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KAI RYSSDAL: The corn crop's going to be down this year. Soybeans are going to be up, or at least that's the Department of Agriculture's best guess. The USDA Prospective Planting Report came out today. It's the government's official estimate of what's going to be grown and how much. The report's a big deal because supply helps determine, right, prices, which helps determine how much farmers will pocket come harvest time. As they're getting ready for the planting season, those farmers are trying to navigate some complicated finances.
From Chicago Public Radio, Adriene Hill reports.
ADRIENE HILL: Pete TeKampe farms in Lake County Illinois, north of Chicago. He's a big guy with a low laugh and a shiny red truck that he's pretty proud of.
PETE TEKAMPE: It's the new ethanol-burning truck that burns 85 percent ethanol and 15 percent gas, and that was last year's bean crop.
Last year was a good year for TeKampe. He had a big soybean harvest and an even bigger corn harvest, and prices for both were high. He's got big plans for this year, too. He wants to buy some new farm equipment, maybe a tractor, but that's down the road. Right now, he's thinking about planting. He's planning on 275 acres of corn and as many acres of soybeans. Corn costs more to grow and harvest, so he's cutting back a little on that crop this year. He's also got 60 acres of wheat in the ground that's just starting to peek out of the field, and he's trying to make heads or tails of the fluctuations in the market prices of all three. TeKampe says he's doing his best to hedge his bets. He's already pre-sold some of his 2008 corn and bean harvest.
TEKAMPE: You're really gambling. Hopefully we'll be able to plant it and get a crop. We're hoping, you know, and I'm probably at the max I would sell this early.
Pre-selling crops is one of the gambles farmers have to consider. If the price goes up, or if they can't deliver on the crop, it can hurt their bottom line. They've also got to think about what other farmers might grow. Too much of one thing means prices drop, too little means prices rise, and they need to consider the costs of seed, fertilizer and fuel in picking crops to grow. TeKampe says the costs for fertilizer and tractor fuel are way up.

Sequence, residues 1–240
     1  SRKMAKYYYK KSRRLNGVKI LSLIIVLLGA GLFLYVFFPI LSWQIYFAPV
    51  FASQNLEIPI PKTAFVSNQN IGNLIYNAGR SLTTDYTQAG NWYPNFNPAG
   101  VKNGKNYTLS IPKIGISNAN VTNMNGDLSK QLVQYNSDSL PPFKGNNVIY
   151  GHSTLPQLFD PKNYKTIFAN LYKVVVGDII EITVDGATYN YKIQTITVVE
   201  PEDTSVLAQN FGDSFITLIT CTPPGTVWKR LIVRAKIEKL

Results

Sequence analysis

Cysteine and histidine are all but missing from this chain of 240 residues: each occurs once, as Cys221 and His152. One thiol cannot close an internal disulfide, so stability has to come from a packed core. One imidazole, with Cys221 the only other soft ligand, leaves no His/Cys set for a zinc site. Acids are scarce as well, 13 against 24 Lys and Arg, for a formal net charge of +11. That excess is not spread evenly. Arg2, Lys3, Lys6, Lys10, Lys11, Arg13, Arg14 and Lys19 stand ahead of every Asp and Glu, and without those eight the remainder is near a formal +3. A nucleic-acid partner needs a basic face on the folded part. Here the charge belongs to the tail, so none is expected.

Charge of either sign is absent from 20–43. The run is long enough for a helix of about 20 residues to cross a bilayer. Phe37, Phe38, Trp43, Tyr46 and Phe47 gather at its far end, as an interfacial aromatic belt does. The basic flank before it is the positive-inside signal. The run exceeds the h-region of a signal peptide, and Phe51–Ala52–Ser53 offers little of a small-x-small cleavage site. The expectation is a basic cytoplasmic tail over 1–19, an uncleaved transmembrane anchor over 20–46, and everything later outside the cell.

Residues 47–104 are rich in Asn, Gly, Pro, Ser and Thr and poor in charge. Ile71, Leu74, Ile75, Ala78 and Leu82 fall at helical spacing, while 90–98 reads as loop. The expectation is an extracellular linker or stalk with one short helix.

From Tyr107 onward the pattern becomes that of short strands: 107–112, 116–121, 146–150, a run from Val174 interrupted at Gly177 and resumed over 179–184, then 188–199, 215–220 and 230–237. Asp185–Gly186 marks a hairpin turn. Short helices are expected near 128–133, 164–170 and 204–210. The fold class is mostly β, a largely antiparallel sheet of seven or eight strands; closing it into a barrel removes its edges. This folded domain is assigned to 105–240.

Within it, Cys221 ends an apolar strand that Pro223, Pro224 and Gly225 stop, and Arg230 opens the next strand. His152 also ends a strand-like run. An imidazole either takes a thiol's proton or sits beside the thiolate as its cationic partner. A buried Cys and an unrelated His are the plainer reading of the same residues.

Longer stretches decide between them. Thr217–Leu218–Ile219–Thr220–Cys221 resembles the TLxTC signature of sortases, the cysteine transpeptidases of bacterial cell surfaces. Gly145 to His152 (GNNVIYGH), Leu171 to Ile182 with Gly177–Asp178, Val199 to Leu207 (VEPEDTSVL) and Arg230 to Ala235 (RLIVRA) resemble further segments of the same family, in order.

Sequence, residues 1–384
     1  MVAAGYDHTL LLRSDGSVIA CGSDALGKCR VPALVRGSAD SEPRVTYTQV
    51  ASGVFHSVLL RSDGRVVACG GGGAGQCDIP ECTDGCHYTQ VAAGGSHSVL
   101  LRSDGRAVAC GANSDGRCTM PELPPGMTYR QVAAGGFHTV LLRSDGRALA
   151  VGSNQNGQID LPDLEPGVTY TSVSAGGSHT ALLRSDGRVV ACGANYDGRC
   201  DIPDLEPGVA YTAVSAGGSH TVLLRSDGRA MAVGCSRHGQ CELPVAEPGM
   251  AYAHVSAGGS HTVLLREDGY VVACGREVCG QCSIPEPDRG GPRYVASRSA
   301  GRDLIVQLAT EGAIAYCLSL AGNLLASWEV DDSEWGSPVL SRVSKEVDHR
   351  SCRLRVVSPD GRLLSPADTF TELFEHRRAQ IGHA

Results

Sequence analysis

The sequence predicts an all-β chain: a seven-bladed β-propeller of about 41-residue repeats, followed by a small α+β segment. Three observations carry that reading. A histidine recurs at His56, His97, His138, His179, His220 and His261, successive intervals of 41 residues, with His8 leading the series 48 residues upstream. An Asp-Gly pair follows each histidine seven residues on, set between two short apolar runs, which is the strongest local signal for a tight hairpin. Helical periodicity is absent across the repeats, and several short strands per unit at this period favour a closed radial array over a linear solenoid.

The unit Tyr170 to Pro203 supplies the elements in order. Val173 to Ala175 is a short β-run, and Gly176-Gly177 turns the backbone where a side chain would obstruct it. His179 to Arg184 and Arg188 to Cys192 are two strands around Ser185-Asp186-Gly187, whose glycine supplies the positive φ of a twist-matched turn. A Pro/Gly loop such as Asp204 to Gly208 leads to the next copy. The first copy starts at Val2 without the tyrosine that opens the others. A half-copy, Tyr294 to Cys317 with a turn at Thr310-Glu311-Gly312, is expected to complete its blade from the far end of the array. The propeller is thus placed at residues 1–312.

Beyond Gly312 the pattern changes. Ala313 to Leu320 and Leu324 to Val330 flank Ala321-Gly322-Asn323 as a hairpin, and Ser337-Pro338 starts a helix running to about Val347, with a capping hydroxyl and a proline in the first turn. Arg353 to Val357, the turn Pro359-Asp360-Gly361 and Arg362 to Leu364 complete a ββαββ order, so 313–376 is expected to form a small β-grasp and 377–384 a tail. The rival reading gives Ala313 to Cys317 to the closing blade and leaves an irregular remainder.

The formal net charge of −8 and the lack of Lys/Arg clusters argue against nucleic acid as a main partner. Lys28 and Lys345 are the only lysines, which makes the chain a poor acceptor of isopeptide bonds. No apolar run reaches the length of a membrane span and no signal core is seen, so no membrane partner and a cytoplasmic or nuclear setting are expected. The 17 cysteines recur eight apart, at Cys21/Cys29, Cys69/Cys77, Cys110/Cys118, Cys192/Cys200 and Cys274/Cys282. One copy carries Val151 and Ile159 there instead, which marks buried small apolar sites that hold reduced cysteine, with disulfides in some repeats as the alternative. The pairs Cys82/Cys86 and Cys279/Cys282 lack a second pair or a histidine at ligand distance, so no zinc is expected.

TEKAMPE: Everyday I look at the fuel, or diesel fuel in the gas stations and I'm thinking, man I should have pulled that trigger six weeks ago. Nitrogen, I got that booked. Fertilizer's booked, booked and paid for in December, but I wasn't smart enough to do the fuel.
Greg Koeppen is the manager of the Lake County Farm Bureau. He says farmers have no choice but to shoulder the higher overhead costs.
GREG KOEPPEN: Those inputs go in whether it's going to be a good year or a bad year the inputs are going to be there. The price that they're going to get paid at the market is dependent on what's going to happen come harvest time.
Koeppen says farmers are pouring over complicated calculations and often making educated guesses to get just the right mix of crops.
KOEPPEN: You know it's up to the farmer. It's that crystal ball that they'd like to see. Where's the corn and bean going to mean the most to them in the end?
Farming's also about those things you can't calculate, like the geese that chomped TeKampe's wheat crop last year, and the weather. There are still piles of ice and snow on the ground in mid-March in Lake County. TeKampe says that'll set planting back a little.
TEKAMPE: Mother Nature can come and give us a nice hot summer and it'll catch up.
HILL: Do you like that, being dependent on the weather that way?
TEKAMPE: Well, I must, or I wouldn't be here, you know? Like I said, I started farming in 60. I've been doing it every year.
He says, in some ways, this year is like all the rest. You just have to wait and see.
I'm Adriene Hill for Marketplace.